We’ve evolved here on Earth, and for tens of thousands of years, we just thought the Earth is also the universe, or at least the most important and the biggest part of it. Our brains have been adapted to the basic survival needs. So we can deal with the moderately sized objects which have moderate velocity, and we can conceptualize small numbers like 1, 2, 50. But when the numbers get bigger than that, the problem begins: our puny brains cannot conceptualize them anymore. The larger a number grows, the harder it becomes to deal with. Take the age of the Earth, which is almost 4.6 billion years. We don’t have an intuitive sense of what this number means. But, visualization can help: we can better understand things if we visualize them. Author Andy Bergmann just did that. He created a Timeline of Earth to get a better sense of how key events relate in time over our planet’s 4.6 billion year history. It’s hard to get a sense of how vast it is until you can see it laid out visually.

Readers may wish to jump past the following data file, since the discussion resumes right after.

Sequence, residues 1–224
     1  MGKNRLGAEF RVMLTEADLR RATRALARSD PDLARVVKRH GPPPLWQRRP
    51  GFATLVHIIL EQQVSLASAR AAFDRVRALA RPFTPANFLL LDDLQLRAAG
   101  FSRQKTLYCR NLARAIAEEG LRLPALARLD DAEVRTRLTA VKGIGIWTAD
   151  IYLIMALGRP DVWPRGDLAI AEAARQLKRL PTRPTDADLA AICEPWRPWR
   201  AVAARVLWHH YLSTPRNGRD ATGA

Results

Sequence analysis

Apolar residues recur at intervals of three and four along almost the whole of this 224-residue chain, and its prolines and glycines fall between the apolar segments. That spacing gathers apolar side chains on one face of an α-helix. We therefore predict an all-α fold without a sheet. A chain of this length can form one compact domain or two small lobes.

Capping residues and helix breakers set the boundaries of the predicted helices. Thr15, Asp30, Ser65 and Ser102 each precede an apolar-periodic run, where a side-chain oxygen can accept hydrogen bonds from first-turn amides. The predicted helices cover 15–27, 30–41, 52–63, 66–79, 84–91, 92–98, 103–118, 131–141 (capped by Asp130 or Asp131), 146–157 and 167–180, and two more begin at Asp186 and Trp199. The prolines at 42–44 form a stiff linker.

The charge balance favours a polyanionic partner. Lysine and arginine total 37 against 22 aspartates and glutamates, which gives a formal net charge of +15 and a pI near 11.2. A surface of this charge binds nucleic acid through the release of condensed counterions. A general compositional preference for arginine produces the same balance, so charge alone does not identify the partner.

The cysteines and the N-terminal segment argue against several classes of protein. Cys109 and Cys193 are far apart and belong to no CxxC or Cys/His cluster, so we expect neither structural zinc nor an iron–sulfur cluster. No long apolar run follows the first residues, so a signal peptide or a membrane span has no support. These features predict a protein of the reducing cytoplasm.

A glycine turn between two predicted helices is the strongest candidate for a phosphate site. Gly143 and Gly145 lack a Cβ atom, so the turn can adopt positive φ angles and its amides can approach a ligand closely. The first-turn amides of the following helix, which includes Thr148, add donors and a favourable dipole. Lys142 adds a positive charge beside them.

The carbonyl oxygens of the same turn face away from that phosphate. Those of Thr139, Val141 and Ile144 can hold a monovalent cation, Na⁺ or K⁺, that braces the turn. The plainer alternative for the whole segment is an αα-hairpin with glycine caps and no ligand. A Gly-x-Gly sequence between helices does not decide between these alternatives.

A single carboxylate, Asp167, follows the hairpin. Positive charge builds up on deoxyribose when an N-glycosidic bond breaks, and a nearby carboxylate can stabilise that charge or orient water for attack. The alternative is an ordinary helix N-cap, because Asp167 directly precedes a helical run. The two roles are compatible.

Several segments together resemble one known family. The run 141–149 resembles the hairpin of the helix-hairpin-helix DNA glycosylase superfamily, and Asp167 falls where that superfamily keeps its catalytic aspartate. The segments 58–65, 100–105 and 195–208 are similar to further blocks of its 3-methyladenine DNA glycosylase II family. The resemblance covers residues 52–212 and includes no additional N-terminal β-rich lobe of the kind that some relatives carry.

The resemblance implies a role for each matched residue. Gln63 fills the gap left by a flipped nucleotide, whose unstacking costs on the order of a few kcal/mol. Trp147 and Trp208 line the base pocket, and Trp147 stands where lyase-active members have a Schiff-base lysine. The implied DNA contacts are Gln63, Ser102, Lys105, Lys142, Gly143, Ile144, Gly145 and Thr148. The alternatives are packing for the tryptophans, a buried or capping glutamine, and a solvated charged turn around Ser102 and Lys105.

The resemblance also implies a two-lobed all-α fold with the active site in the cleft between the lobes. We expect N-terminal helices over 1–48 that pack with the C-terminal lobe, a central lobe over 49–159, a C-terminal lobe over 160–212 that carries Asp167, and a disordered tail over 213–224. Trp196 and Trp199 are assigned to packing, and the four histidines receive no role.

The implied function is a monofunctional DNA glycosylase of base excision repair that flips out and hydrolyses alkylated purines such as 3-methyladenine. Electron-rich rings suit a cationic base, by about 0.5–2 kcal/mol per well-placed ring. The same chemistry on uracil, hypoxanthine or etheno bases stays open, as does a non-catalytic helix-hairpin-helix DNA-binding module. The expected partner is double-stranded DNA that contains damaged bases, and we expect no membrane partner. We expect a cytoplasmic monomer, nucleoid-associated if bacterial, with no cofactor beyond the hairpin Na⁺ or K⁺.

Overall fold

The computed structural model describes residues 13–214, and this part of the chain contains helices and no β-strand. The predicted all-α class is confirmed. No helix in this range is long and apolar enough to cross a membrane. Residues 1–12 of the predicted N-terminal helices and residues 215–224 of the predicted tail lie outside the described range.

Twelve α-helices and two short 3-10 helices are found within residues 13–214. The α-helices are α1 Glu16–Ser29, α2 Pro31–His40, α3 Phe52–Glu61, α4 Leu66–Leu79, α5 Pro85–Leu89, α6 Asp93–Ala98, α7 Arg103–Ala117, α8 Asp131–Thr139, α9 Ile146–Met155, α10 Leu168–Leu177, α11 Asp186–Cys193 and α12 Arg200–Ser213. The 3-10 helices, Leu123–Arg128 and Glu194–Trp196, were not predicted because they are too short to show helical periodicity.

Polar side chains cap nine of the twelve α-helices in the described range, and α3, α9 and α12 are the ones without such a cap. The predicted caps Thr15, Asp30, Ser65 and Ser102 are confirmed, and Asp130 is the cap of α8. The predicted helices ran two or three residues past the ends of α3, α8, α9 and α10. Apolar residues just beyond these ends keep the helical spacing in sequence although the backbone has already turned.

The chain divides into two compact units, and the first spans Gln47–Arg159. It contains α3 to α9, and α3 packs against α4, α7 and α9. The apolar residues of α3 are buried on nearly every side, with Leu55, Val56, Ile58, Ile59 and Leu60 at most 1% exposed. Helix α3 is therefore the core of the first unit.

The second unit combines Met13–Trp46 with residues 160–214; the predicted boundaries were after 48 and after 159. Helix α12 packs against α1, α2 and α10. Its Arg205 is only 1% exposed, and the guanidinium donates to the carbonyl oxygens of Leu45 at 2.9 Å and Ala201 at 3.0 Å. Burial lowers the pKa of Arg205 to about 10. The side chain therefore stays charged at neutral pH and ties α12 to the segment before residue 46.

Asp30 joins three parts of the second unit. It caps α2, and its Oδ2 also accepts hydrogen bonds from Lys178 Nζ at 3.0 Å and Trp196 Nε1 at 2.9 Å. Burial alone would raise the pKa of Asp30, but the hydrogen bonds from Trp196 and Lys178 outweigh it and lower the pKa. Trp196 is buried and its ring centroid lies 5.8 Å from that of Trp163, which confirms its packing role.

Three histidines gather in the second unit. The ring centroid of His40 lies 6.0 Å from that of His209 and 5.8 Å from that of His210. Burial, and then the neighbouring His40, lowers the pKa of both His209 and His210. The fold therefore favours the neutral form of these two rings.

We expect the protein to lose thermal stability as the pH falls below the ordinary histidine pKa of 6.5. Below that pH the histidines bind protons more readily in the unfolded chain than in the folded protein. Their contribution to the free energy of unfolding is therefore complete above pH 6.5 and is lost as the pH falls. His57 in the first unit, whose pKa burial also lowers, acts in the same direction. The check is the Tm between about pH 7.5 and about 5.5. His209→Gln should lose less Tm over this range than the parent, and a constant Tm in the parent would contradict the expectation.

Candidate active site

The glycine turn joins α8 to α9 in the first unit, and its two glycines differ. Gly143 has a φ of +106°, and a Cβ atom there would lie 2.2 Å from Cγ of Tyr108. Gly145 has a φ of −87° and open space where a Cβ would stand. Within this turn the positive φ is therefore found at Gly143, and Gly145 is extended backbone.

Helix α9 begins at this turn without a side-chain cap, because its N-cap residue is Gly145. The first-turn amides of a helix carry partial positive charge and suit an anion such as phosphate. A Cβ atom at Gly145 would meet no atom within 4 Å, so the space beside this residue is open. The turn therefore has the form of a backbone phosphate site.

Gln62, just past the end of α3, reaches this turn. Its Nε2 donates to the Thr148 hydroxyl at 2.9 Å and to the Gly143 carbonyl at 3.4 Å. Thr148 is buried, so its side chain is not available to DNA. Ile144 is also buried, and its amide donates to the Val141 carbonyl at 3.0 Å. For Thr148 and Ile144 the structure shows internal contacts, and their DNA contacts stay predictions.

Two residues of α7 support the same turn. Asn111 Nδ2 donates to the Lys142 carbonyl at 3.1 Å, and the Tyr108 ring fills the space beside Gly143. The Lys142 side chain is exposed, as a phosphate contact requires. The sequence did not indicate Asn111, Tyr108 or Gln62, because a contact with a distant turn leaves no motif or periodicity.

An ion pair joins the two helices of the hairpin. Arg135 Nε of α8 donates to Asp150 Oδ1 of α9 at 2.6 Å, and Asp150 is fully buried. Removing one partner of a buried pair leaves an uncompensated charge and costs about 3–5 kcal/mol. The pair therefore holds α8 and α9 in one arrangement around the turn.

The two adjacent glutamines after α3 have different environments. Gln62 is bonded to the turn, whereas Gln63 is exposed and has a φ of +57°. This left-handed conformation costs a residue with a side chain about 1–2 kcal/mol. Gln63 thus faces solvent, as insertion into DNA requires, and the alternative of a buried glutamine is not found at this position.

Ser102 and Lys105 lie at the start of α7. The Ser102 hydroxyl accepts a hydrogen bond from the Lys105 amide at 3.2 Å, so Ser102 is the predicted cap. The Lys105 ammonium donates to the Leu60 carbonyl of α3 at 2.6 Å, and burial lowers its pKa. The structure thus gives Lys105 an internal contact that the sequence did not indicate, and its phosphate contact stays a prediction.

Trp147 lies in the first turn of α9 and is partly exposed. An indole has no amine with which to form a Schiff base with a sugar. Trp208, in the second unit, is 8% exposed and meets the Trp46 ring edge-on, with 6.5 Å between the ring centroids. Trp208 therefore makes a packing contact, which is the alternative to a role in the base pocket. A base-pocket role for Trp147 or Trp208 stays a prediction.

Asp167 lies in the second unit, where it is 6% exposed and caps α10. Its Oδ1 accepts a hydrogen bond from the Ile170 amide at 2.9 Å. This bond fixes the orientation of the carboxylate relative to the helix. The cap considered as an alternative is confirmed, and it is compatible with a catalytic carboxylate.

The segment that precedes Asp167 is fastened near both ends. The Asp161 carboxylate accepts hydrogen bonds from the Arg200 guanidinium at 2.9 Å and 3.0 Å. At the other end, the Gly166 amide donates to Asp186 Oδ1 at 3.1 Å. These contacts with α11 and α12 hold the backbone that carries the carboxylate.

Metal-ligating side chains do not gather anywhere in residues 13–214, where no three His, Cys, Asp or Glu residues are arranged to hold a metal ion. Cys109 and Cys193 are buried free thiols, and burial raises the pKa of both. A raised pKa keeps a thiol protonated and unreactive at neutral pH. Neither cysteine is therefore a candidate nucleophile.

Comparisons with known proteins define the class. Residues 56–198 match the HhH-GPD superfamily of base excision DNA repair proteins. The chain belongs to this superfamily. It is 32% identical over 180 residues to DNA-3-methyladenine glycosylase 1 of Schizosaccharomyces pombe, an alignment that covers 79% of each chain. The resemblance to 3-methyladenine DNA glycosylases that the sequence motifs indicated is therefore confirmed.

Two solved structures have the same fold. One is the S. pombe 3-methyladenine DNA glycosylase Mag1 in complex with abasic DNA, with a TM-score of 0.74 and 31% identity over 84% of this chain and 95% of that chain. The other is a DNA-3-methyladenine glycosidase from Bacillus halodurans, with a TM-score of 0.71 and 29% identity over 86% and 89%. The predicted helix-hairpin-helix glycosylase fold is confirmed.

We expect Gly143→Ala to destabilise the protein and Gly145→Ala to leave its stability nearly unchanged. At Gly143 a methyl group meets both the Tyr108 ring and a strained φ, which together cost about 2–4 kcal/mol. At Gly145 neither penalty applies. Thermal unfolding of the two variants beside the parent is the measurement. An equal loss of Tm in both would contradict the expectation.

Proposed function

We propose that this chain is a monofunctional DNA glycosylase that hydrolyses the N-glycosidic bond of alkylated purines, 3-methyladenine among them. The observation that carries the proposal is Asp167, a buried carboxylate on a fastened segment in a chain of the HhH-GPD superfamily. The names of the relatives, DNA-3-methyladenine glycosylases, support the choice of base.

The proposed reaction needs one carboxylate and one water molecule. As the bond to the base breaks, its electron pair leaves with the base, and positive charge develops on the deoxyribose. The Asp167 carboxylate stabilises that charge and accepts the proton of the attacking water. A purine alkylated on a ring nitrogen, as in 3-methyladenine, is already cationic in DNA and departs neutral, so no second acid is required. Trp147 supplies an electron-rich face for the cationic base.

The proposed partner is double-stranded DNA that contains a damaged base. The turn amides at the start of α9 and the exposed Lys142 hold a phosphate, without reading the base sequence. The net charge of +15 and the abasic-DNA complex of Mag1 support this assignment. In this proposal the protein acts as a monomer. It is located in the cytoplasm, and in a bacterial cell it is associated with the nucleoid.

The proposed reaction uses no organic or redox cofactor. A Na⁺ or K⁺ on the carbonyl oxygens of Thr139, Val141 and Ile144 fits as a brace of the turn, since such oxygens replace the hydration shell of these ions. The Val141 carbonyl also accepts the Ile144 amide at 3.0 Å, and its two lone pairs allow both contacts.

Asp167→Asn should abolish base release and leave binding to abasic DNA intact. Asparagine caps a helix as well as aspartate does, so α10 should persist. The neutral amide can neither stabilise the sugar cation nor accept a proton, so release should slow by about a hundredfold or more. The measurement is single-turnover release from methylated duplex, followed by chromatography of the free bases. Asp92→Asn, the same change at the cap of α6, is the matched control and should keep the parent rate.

Latest posts by M. Özgür Nevres (see all)
- This is how I instantly shut down a “the moon landing was faked” debate - February 17, 2020
- First footage of Earth from space (above 100 km) – 1946 V2 Rocket - February 15, 2020
- Astronaut Christina Koch’s dog welcomes her returning home from space in the most adorable way - February 14, 2020